Optical Rotation Encoder on an R/C Servo

By Art LeBouthillier

This article was published in the March 1999 issue of The Robot Builder.

Remote control model airplane servos have become popular as drive motors among roboticists because they provide a low-cost, easily-available gear motor with a built-in digital speed controller. When modified, they permit the rotational speed of their output shafts to be controlled with a simple digital pulse-width modulated signal. Although easily controlled, they are often difficult to get accurate, high-speed feedback on their actual speed. One can easily utilize a cheap, reflective optosensor to detect the speed of these modified R/C Servos.

The Omron EE-SY124 [Digikey OR520-ND] is a cheap, tiny Infrared LED and phototransistor reflective sensor packaged in a tiny 4-pin DIP which is approximately .100” wide X .200” long (fig. 5). Because of its small size, it can easily be mounted inside of a servo in order to detect the motion of the gears.

Servo Mechanics

The gear train of many servos consists of a five-gear arrangement where there is a gear on the output of the drive motor, three intermediary gears and a final output shaft gear.

In this application, we will add reflective foil to the 2nd Intermediate Gear and position the photosensor so that it detects the reflective foil as it passes in front of the sensor while the gear is rotating. The 2nd Intermediate Gear contains a wide cylindrical region between its input and output gears.

This region is smooth enough that aluminum foil reflectors can be glued to it such that the sensor can provide a measurable feedback of rotation rate.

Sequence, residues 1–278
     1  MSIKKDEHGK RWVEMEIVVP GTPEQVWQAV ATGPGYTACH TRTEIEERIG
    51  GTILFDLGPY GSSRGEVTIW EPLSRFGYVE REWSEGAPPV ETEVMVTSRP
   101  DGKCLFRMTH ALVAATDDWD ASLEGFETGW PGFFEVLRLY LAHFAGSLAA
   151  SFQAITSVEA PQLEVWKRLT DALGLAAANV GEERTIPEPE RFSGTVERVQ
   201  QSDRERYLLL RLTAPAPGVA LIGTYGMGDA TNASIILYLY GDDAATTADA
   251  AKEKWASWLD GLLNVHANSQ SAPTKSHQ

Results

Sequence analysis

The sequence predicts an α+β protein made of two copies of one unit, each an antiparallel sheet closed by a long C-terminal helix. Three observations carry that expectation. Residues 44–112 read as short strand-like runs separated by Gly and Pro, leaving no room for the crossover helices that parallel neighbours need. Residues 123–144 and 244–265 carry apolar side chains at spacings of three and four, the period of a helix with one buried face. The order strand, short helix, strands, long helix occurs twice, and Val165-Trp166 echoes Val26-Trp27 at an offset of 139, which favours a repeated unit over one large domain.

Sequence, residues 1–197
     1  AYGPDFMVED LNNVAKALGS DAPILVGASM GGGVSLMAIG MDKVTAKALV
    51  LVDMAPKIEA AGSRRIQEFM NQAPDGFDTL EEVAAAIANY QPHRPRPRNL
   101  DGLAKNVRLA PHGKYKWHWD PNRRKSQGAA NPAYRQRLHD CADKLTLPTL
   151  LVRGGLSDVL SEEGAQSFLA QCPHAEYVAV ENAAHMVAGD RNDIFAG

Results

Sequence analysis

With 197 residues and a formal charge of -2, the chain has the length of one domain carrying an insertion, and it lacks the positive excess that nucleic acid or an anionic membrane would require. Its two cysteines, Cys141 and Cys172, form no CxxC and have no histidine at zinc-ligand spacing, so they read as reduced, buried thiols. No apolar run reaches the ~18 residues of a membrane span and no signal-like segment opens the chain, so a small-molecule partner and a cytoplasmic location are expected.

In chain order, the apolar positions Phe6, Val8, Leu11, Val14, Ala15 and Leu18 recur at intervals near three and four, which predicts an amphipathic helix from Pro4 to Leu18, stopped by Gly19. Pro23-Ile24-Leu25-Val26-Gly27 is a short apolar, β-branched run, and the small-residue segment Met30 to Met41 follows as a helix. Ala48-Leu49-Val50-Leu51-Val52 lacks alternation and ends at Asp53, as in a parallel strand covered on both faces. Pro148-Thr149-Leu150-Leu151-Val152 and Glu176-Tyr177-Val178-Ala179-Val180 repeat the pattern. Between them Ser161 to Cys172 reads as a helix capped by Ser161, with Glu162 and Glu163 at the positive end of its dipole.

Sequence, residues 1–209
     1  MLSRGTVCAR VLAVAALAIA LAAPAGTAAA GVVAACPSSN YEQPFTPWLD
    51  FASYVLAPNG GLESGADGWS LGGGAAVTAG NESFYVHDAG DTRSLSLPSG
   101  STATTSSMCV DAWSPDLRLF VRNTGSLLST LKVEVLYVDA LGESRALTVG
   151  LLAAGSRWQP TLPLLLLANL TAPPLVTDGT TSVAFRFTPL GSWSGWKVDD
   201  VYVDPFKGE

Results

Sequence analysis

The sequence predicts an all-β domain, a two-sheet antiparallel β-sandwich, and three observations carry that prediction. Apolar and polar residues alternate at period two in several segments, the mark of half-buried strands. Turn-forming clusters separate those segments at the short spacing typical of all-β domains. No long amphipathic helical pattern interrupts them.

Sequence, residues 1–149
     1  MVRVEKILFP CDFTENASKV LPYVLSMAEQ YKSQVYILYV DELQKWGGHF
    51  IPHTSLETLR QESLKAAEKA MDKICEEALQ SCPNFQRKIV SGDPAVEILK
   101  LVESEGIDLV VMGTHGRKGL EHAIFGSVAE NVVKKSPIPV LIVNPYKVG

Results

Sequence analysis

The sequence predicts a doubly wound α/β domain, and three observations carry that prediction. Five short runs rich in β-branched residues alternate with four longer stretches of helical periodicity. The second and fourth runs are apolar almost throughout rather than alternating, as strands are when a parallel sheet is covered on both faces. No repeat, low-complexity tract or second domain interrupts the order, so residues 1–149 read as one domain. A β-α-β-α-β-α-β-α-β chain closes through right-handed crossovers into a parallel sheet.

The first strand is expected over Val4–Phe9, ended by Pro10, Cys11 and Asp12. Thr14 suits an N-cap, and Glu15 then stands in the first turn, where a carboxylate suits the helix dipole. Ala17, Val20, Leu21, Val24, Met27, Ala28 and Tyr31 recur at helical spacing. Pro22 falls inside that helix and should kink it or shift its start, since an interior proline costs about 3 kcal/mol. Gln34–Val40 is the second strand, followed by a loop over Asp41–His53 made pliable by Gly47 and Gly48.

Adding Reflectors

Remove the second intermediate gear from the servo. Cut a small strip of aluminum foil that will cover the middle smooth area of the gear parallel to the rotational shaft. This strip should be about .200” wide and 1” long. Test fit the aluminum strip on the gear. Using a cyanoacrilate (Crazy) glue, tab down one end of the aluminum strip to the gear. Make sure that the shiny surface of the aluminum foil is facing away from the gear. Be careful not to get the glue all over the place, especially not on the gear teeth. Rub glue evenly on the smooth surface all the way around. Finish tacking down the aluminum to the gear so that there is a smooth expanse of aluminum all around the middle area. Trim away any excess foil.

Using a razor-sharp hobby knife, cut eight lines equally spaced around the foil parallel to the shaft axis. Be sure to cut cleanly so that each octant is of equal size. Again using the hobby knife, peel off the alternating regions of aluminum foil so that there are four regions of equal size foil reflectors equally spaced from each other.

Installing the Optosensor

The optosensor is assembled in a 4-pin DIP package which is about 0.100” wide by 0.200” long. The leads are long enough that they can fit through the servo gearhouse casing. In order to do this, reassemble the gears into their housing and identify the shaft axis of the 2nd  intermediate gear. Scratch a line on the outside of the housing so that you can identify where this is after the gears are removed. Additionally, notice the position of the foil surface on the 2nd  intermediate gear. You will need to identify where the legs of the optosensor can be drilled so that the housing of the Omron EE-SY124 does not touch any of the gears.

Drill four 0.040” (No. 60 drill) holes equally around the shaft axis of the 2nd  intermediate gear and aligned such that the sensor will not touch any gears when re-assembled.

Push the pins of the optosensor through the drilled holes and bend the leads back to hold in place.

Reassemble your servo. You may now solder wires to your optosensor to attach it to your electronic circuitry. I have found that a small dab of cyanoacrilate glue fastening the wires to the case where they are soldered to the optosensor helps mechanically hold the wires so that they don’t bend or break its leads.